Can the marijuana industry lead the way on a living wage?

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While partisan politics have kept Congress from passing legislation that would increase the federal minimum wage to $15, cities across the country have taken matters into their own hands as best they can. Boulder recently implemented a $15.67 minimum wage for City employees, and Denver City Council is currently mulling over whether to raise the citywide minimum wage to nearly $16 over the next three years.

But what about right now? The rent is too damn high right now, let alone three years from now. And we don’t all have City jobs. 

So the forward-thinking folks at Boulder-based Terrapin Care Station created a companywide $15 minimum wage, effective immediately. 

“Terrapin wants to lead by example, which is why we are doing this on our own,” Chris Woods, owner and chief executive of Terrapin Care Station, said in a Nov. 12 statement. “We know that this is the right thing to do to retain employees and provide a living wage as the cost of living continues to spike.” 

The new policy applies to Terrapin employees in Colorado and in Pennsylvania, where it operates a medical cannabis grower/processor facility. Terrapin operates six retail stores along the Front Range in Colorado, as well as four cultivation facilities and a processing laboratory. All departments will see raises, including retail, production and some management. 

Terrapin’s press release addresses the reality of the situation: a $15/hour minimum wage “is just a start” as “more needs to be done to address systemic issues.” 

According to salary.com, the cost of living in Boulder is about 10% higher than the national average and area prices are up 2.3% from a year ago, with the largest increases found in transportation, food and housing… you know, just the essentials in life. The median sales price of a single-family home in the Denver metro area is now higher than New York or Washington, D.C. (by about $20,000).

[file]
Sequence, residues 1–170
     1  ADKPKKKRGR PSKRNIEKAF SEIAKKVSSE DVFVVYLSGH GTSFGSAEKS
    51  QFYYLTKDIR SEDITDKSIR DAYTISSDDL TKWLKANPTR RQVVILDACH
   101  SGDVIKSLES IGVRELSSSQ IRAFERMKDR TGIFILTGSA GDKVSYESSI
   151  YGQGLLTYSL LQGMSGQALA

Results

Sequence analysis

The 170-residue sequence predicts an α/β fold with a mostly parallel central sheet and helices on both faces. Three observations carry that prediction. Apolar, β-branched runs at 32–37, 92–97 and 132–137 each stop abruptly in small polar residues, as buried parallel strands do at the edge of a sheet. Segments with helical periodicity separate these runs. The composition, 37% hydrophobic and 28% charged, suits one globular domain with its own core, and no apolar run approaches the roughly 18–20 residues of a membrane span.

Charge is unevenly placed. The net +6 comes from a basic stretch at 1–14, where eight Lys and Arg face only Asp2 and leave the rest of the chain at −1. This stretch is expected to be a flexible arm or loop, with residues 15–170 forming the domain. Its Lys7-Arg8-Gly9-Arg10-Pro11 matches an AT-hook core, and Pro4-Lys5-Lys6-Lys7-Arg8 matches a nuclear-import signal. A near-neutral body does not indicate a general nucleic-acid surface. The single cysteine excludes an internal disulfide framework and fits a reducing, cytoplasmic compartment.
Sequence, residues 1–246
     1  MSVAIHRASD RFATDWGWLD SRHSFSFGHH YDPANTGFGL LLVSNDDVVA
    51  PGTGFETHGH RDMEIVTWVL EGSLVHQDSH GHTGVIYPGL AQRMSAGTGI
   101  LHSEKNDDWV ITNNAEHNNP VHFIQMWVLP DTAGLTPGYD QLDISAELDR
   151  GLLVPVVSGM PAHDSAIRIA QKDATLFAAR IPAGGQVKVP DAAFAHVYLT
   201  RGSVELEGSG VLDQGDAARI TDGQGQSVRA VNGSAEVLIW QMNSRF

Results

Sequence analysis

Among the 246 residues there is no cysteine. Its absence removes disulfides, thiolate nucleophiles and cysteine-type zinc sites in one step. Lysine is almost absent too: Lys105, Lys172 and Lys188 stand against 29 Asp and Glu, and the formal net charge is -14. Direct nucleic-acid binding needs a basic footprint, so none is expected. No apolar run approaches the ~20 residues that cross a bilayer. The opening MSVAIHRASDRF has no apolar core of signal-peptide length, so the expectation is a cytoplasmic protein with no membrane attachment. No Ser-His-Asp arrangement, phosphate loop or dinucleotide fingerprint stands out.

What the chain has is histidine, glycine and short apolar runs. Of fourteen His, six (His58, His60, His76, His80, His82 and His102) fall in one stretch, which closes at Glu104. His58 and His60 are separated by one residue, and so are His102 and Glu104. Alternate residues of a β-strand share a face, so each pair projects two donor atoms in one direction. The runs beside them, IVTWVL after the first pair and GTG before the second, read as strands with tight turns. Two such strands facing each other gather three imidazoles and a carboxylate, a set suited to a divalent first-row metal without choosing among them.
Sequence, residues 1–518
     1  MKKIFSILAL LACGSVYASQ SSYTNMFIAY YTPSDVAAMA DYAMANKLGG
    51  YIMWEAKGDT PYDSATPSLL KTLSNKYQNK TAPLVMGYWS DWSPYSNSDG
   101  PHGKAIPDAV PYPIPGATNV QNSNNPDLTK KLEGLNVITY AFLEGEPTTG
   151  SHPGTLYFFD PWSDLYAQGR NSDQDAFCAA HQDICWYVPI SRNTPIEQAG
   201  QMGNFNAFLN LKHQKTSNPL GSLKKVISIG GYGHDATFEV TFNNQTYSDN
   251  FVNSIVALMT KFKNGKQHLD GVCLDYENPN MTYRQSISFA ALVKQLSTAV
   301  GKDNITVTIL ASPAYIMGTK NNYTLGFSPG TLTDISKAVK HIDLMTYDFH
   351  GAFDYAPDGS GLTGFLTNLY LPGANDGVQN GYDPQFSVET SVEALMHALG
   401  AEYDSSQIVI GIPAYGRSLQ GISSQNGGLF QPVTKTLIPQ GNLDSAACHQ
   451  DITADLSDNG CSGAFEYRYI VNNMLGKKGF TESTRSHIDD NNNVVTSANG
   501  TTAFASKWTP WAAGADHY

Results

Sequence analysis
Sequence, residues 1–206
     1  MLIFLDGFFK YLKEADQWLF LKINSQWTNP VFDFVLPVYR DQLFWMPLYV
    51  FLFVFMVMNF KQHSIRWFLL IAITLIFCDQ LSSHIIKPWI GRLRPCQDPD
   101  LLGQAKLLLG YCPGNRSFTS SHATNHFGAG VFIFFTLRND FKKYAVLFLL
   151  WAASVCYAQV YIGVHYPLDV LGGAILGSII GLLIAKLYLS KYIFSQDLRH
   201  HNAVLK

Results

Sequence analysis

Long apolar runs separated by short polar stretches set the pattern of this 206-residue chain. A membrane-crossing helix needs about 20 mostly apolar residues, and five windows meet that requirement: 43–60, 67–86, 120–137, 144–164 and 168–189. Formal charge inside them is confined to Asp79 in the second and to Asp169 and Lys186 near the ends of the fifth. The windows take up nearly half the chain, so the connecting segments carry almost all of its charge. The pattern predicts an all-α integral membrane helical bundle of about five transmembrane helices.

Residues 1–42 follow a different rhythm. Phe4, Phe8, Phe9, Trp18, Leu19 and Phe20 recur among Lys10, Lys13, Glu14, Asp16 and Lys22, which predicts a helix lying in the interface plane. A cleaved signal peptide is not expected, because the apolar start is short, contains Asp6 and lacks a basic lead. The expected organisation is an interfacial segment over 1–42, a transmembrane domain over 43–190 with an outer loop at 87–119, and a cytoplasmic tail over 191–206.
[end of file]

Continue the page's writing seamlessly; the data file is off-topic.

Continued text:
But you don’t need me to tell you it’s expensive to live on the Front Range. 

Still, marijuana is the hottest industry in the country right now, you say. Well, yeah, it is, and salaries within the marijuana industry, according to Vangst (a cannabis industry recruiting platform), increased 16% between 2017 and 2018, with no decrease in the foreseeable future. Heads of cultivation (sometimes called grow masters or botanical specialists… the people responsible for making sure every clone of Grandaddy Purp has textbook oversize, compact, deep purple buds) can make six-figure salaries, as can extraction technicians (skilled laboratory work), COOs and CFOs.

However, the lowest level positions at marijuana businesses are trimmers and budtenders. Indeed.com claims that the average salary for a budtender is $12.63 per hour in Colorado, which exceeds the state minimum wage of $11.10. With more experience, budtenders can make upwards of $16 and $17 an hour. A recent report by The Columbian in Washington state found that the average bud trimmer earns a starting wage between $12 and $15 per hour. Not bad, but these aren’t six-figure jobs.

“Raising the minimum wage companywide isn’t going to solve all of the problems associated with the skyrocketing cost of living we’re seeing, but it’s an important tool to provide some comfort for people as they struggle to make ends meet,” Terrapin owner Woods said in the press release. “We value our employees, but more importantly, we understand the uphill battle that many of them face every day. We hope to inspire other business leaders to create a level playing field for all as the living wage debate builds nationwide.”   

Woods is touching on the meat and potatoes of the issue. As the marijuana boom sweeps across the country, we have to keep our eyes on the real prize: equality. 

Yeah, it’s cool that we get to go to the store and buy pre-rolled doobies now, but legalization offers America the chance to right the countless wrongs (imposed mostly on black and brown individuals) created by the war on drugs. As this industry grows from the ground up, leaders can create an environment where employees really can start from the bottom and make their way to the top, where employees can earn decent wages from the beginning. 

Marijuana is a symbol for the counterculture. In these early days, the marijuana industry can take a stand against unfair wages and place people before profits. It can rail against the corporate culture that’s run rampant in this country. 

A $15 minimum wage is just a start, but it’s a good start.